North Carolina Debates Use of Koran, Other Non-Christian Texts During Court Hearings

If North Carolina is going to let people use a religious text when taking an oath in court, the Bible shouldn't be the only book allowed, an attorney for the American Civil Liberties Union argued in court Tuesday.

A lawsuit filed by the ACLU of North Carolina challenges a state policy that allows only the Bible to be used in such court procedures.

"If the state is going to get into the religious oath business, the state has to be fair," said Seth Cohen, the ACLU's lead counsel on the case.

But an attorney from the state Attorney General's Office urged Wake County Superior Court Judge Paul Ridgeway to dismiss the case.

"The main complaint of the ACLU and the plaintiff is a political one, not a legal one," attorney Valerie Bateman said.

Filed in July 2005, the lawsuit argues that state law is unconstitutional because it favors Christianity over other religions. It names Syidah Mateen, a Muslim woman who said she was denied the use of the Koran in court.

The ACLU is seeking a court order clarifying that the law is broad enough to allow the use of multiple religious texts, or else rule the statute unconstitutional. The group expects Ridgeway will issue a ruling as early as next week.

State law allows witnesses preparing to testify in court to take their oath in three ways: by laying a hand over "the Holy Scriptures," by saying "so help me God" without the use of a religious book, or by an affirmation using no religious symbols.

The state law gives Christians three options "and everybody else two options," Cohen said.

The ACLU and the Washington-based Council on American-Islamic Relations had called for a statewide policy permitting use of the Koran and other religious texts in courtrooms. But the director of the state court system refused, saying the General Assembly or the courts needed to settle the issue.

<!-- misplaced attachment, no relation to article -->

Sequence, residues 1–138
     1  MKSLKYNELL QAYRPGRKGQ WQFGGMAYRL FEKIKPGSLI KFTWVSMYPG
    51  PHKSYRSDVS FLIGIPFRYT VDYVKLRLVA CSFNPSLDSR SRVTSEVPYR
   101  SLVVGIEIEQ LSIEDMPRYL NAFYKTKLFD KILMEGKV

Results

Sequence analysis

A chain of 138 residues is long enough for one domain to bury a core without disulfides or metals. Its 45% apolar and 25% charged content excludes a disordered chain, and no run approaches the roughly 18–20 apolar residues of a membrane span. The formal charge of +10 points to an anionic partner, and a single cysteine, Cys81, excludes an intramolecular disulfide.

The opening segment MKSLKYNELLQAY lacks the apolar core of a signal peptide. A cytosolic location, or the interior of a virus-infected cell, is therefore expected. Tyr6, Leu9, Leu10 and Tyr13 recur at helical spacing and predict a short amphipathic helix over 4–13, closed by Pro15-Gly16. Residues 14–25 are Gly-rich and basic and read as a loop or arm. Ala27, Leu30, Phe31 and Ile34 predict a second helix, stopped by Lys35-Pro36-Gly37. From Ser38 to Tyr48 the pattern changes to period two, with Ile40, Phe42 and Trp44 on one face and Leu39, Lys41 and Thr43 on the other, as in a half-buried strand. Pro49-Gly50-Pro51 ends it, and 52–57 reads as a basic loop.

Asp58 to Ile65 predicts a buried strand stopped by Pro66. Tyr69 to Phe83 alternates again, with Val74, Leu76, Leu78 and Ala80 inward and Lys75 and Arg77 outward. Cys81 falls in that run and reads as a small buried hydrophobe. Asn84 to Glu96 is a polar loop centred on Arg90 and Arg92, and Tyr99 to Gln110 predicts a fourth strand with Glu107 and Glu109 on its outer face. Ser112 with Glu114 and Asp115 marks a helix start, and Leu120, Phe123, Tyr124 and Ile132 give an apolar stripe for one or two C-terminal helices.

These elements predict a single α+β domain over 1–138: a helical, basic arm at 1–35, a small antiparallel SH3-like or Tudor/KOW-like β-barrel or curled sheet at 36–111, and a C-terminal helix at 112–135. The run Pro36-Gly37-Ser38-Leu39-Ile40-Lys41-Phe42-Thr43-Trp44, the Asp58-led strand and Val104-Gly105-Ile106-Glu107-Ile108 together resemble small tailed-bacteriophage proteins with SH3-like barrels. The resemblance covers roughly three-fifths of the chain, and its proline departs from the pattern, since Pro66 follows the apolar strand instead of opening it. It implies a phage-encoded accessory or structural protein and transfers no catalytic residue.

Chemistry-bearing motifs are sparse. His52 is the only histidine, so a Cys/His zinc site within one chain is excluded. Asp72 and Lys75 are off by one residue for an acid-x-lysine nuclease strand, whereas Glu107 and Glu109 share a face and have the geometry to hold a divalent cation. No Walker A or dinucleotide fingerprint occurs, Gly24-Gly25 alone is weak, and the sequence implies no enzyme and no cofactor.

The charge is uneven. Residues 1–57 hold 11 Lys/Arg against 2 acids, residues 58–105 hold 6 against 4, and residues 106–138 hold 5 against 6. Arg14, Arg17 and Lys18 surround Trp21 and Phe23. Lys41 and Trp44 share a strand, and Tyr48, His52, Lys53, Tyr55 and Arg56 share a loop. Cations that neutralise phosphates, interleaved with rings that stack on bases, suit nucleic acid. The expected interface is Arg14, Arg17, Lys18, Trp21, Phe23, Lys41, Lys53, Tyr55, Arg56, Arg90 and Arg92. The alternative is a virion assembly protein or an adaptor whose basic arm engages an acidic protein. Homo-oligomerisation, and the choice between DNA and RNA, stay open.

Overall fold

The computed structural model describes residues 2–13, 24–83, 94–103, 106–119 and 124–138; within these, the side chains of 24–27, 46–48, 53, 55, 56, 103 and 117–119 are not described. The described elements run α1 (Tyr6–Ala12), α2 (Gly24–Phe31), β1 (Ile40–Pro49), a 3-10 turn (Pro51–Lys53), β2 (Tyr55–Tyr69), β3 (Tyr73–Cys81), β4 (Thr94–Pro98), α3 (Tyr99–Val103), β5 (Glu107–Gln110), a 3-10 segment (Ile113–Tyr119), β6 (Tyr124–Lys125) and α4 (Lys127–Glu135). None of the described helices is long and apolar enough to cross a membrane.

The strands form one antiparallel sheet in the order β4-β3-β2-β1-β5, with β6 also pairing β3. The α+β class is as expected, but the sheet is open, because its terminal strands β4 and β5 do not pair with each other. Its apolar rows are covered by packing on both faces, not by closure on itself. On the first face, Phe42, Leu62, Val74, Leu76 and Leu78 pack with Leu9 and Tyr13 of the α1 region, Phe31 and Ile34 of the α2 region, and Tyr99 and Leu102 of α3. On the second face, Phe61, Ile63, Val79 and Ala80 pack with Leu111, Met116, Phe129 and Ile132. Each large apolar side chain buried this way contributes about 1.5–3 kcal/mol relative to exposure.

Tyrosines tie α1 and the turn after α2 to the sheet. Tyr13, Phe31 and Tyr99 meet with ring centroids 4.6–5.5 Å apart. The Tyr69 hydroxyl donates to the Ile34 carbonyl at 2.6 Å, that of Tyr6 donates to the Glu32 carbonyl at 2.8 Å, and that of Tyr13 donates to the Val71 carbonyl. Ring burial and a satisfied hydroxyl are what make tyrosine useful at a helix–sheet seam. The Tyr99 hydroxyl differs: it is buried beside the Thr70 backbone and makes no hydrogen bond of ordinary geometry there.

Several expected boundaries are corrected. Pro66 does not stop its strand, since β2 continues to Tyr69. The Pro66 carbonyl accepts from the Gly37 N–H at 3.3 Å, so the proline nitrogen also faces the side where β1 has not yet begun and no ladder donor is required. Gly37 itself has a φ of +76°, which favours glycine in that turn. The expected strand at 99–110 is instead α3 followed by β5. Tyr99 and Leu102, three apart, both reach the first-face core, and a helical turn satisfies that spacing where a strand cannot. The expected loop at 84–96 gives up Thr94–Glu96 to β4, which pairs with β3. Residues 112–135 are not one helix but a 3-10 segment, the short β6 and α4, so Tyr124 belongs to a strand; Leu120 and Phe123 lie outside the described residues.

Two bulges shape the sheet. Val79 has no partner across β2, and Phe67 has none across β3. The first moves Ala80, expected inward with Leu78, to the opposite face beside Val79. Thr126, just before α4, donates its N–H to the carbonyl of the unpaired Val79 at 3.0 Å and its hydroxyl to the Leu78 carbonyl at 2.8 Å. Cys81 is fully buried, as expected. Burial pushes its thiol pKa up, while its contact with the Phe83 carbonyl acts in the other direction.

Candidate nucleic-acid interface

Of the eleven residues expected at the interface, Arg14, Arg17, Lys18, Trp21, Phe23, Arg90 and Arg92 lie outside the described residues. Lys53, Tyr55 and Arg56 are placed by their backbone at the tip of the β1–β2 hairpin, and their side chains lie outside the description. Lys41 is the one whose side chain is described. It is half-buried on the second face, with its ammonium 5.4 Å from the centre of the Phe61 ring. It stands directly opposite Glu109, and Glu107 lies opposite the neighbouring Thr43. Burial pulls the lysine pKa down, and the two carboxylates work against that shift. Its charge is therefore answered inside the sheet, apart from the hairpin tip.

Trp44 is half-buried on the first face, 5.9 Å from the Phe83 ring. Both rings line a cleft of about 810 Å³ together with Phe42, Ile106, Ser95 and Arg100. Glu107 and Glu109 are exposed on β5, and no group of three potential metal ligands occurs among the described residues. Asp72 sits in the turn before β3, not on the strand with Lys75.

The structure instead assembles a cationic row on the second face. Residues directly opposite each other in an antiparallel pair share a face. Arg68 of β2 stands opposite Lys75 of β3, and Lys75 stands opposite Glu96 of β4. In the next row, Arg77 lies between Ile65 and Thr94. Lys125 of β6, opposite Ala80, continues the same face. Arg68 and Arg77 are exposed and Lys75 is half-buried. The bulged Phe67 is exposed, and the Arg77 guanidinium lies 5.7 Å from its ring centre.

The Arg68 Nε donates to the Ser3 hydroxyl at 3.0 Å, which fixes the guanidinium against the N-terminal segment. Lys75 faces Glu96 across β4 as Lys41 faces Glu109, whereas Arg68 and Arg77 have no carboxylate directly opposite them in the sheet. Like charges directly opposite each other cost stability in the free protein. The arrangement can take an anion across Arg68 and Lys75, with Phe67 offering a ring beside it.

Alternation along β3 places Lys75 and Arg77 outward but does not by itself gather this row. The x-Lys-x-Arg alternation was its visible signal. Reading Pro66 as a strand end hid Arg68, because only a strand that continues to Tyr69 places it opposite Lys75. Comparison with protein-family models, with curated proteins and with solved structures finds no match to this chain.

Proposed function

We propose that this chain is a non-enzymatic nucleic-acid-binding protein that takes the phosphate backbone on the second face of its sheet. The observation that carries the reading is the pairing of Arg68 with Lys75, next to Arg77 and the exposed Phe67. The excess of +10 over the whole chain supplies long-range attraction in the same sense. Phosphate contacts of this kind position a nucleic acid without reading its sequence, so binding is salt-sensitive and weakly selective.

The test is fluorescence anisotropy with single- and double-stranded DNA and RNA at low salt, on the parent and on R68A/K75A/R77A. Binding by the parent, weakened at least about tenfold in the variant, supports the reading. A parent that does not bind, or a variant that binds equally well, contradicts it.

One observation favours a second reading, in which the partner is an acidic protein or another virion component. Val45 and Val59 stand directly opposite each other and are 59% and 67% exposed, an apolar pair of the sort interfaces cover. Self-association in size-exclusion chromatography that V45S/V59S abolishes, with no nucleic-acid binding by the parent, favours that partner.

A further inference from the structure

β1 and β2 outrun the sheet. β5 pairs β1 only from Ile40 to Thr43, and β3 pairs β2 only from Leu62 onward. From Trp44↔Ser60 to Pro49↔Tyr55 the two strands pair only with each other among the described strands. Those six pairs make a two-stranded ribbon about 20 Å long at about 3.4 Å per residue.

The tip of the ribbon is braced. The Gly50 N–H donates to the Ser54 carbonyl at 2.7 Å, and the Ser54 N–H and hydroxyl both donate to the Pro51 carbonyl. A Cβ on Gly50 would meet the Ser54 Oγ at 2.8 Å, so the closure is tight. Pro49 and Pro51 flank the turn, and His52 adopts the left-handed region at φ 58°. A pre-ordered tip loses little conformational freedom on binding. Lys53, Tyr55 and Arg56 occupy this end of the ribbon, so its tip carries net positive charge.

Bateman said changing the law would require the court to make determinations on what writings could be used.

"That's just too much entanglement for the court to be involved in," she said, adding that it might be more appropriate for legislators to resolve the issue.

A bill filed this session by Sen. Ellie Kinnaird, D-Orange, after the appeals court decision would allow sacred texts besides the Bible to be used to administer courtroom oaths. But the bill has only been referred to a committee.

A trial court judge dismissed the ACLU's lawsuit in December 2005, ruling it was moot because there was no actual controversy at the time that warranted litigation.

In January, the ruling was reversed by a unanimous three-judge panel of the state Court of Appeals. The panel noted Mateen's claim that her request to place her hand on the Quran as a witness in a domestic violence case in Guilford County was denied in 2003.

Several Jewish members of the state chapter of the ACLU have filed affidavits indicating they would prefer to swear upon the Old Testament, one of the religious texts of their faith, according to court documents.

The ACLU has said an 1856 state Supreme Court decision sets a clear precedent for oaths with religious texts. The court decision noted that North Carolina's oath-taking statutes were written for Christians but do not limit others from taking oaths in the way they deem most sacred.

The ACLU said a change in the law in 1985 further supports that point. Before then, the law was called "Administration of oath upon the Gospels" and stated that someone to be sworn was to lay his or her hand on "the Holy Evangelists of Almighty God."

Legislators took out "the Gospels" in the title and changed the language to simply read "Holy Scriptures." The ACLU contends the change signals that legislators were trying to be more inclusive.